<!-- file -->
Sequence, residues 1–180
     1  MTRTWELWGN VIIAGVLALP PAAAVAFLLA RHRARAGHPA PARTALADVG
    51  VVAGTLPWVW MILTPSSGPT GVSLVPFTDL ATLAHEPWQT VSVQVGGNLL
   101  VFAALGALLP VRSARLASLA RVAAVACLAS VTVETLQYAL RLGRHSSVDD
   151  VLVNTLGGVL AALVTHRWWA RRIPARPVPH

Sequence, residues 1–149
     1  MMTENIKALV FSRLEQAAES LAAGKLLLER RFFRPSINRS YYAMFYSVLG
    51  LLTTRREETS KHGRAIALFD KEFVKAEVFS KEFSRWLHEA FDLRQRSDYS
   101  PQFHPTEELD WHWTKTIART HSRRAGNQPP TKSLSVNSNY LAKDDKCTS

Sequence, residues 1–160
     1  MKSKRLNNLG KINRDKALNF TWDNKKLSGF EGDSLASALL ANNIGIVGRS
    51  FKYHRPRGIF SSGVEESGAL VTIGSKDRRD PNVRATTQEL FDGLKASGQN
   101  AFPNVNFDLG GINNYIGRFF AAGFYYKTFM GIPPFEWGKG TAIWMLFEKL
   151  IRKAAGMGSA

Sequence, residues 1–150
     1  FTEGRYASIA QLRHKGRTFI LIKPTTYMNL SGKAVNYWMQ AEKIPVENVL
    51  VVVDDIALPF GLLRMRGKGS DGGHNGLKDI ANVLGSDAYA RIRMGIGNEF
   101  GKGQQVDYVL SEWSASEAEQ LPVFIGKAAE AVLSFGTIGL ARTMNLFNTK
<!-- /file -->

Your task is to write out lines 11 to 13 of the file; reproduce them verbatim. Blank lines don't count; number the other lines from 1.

     1  MKSKRLNNLG KINRDKALNF TWDNKKLSGF EGDSLASALL ANNIGIVGRS
    51  FKYHRPRGIF SSGVEESGAL VTIGSKDRRD PNVRATTQEL FDGLKASGQN
   101  AFPNVNFDLG GINNYIGRFF AAGFYYKTFM GIPPFEWGKG TAIWMLFEKL